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Robin Johnson works on carving one of the several space ships in front of the 2012 Saranac Lake Winter Carnival ice palace.  The ice palace lighting and fireworks takes place Saturday at 7 pm. Photo: Mark Kurtz
Robin Johnson works on carving one of the several space ships in front of the 2012 Saranac Lake Winter Carnival ice palace. The ice palace lighting and fireworks takes place Saturday at 7 pm. Photo: Mark Kurtz

Most winter fests a go despite the weather

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Winter carnivals fill the February calendar in the North Country. This year, continuing mild weather is proving a real challenge for towns whose annual winter festivals normally punctuate a cold, snowy season.

The WinterXcape Winterfest in Lowville was cancelled when heavy rains washed away most of their snow this week. But despite widespread rain and warm temperatures most festivals are still ago. Trevor Alford reports.

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The Saranac Lake Winter Carnival blasts off Friday with the Coronation at 7:30 pm at the town hall. Fireworks and the Ice Palace lighting follow Saturday at 7 pm. The theme this year is Space Alien Invasion.

Throughout the carnival there will be ski races, curling and of course the annual ice palace. Jeff Dickson, the carnival chair, says the palace will be ready for the opening tonight, but maintaining it may be a challenge.

“There have been years where it’s been substantially rebuilt during the Carnival. And we try to keep the public out of it or away from it for half a day while those repairs are made and then it’s all reopened and everything is fine after that.”

Festival planners in Old Forge have been insulated from the warm winter by their high elevation. This winter carnival kicks off today too.

Mike Farmer, the tourism director of Old Forge said they have been making a lot of snow at McCauley Mountain, where most of the events will take place. He says recent snows have been the “icing on the cake.”

“We did our snow dance and we got covered in here. We’ve had about a foot and a half of snow in the last few days,” Farmer said.

But too much snow can be a problem as well. Vonnie Liddle, the event coordinator for Winterfest in Indian Lake, says in the past heavy snows have been challenging to work around.

Liddle says that this year she’s not worried about snowfall or lack, and the festival should be able to withstand any weather.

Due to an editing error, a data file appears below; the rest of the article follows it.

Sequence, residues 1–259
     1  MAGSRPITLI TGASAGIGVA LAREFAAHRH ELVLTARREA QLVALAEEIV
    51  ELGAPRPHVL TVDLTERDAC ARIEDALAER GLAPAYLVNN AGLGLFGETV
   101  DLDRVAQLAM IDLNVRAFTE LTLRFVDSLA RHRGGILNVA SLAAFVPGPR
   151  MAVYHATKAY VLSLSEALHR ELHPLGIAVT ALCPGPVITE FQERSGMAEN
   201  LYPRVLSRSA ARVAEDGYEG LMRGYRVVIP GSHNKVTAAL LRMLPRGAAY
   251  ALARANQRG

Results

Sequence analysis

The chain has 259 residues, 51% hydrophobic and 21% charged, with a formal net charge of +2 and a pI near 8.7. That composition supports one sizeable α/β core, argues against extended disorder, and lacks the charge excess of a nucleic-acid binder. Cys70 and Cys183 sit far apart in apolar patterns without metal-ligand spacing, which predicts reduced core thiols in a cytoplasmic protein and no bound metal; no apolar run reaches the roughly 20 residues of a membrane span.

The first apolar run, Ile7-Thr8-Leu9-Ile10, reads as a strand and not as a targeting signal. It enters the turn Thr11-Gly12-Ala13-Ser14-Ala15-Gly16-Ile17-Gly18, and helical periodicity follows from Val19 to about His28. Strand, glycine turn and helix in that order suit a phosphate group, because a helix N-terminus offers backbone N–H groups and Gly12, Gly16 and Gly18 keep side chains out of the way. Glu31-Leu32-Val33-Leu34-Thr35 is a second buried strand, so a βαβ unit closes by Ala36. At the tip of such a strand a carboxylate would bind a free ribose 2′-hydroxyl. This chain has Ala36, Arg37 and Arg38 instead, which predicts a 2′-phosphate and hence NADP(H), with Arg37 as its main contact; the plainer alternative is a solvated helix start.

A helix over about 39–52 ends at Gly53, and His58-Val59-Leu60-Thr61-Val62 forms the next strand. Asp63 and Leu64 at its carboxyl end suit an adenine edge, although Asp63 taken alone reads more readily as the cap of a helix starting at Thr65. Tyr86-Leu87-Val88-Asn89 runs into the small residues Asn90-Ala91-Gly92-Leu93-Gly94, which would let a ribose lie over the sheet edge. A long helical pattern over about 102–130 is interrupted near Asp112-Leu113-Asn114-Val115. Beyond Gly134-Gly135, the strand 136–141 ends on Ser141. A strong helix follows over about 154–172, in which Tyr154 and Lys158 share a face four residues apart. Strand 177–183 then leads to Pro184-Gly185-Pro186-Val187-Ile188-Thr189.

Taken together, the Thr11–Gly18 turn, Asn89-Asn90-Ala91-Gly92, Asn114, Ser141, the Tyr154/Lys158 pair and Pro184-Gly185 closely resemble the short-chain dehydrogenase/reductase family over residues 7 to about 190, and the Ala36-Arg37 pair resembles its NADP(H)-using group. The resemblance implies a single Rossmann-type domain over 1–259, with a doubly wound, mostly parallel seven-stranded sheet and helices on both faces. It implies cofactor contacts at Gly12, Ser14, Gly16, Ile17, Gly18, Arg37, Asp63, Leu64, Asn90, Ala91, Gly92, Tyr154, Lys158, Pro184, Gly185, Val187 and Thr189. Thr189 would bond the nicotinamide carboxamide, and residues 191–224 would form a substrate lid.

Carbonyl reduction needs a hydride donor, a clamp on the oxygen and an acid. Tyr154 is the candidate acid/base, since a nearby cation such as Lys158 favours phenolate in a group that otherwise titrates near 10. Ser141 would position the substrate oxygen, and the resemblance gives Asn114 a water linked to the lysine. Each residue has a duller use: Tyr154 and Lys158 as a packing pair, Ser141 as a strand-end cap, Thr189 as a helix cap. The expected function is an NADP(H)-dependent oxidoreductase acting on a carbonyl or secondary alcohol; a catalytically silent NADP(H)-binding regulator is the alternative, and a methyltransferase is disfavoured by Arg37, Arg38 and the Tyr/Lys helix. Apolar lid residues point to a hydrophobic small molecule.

“A lot of our events, we have learned in the past, not to really plan too much around the snow.”

Those events include a craft fair, a book sale and activities for kids. The festival takes place the 17 through the 19.

Lack of snow won’t stop the Raquette Lake Winter Carnival either, scheduled for the 18 and 19 of this month. But, Danielle Gagnier, the events coordinator says some extra snow would make it easier for people to snowmobile out to the festival.

“The snow would bring in more people but we can still run all our games and our events without it.”

The Raquette Lake Carnival boasts a ladies frying pan toss, cross cut sawing contest and games for the kids.

For two regional festivals the concern isn’t lack of snow, but lack of ice. The Lake George Winter Carnival and the Tri-Town Winterfest have had to adjust their plans.

Planners for the Lake George Winter Carnival had to get creative with the placement of their attractions. Most normally take place on the frozen lake, but had to be moved inland due to lack of ice.

But this won’t stop monster truck rides, outhouse races and the polar golf tournament. The Lake George carnival has events planned each weekend in February. Co-chair of the carnival Tito Manalvo says the show must go on.

“It is still wintertime and the community needs things to keep them busy in the month of February,” said Manalvo.

Meanwhile thin ice on the St. Regis River could scuttle plans for the Tri-Town Carnival’s snowmobile race for a second year in a row. Chairman Allen Fukes says that last year the river was more slush than ice.

“Hopefully that’s not going to happen this year, but um right now there’s not much snow on the ice.”

There is still a chance the river ice could thicken in the next week before the Tri-Town’s festival, located outside Helena on the St. Regis River, opens. Regardless both carnivals will continue as scheduled.

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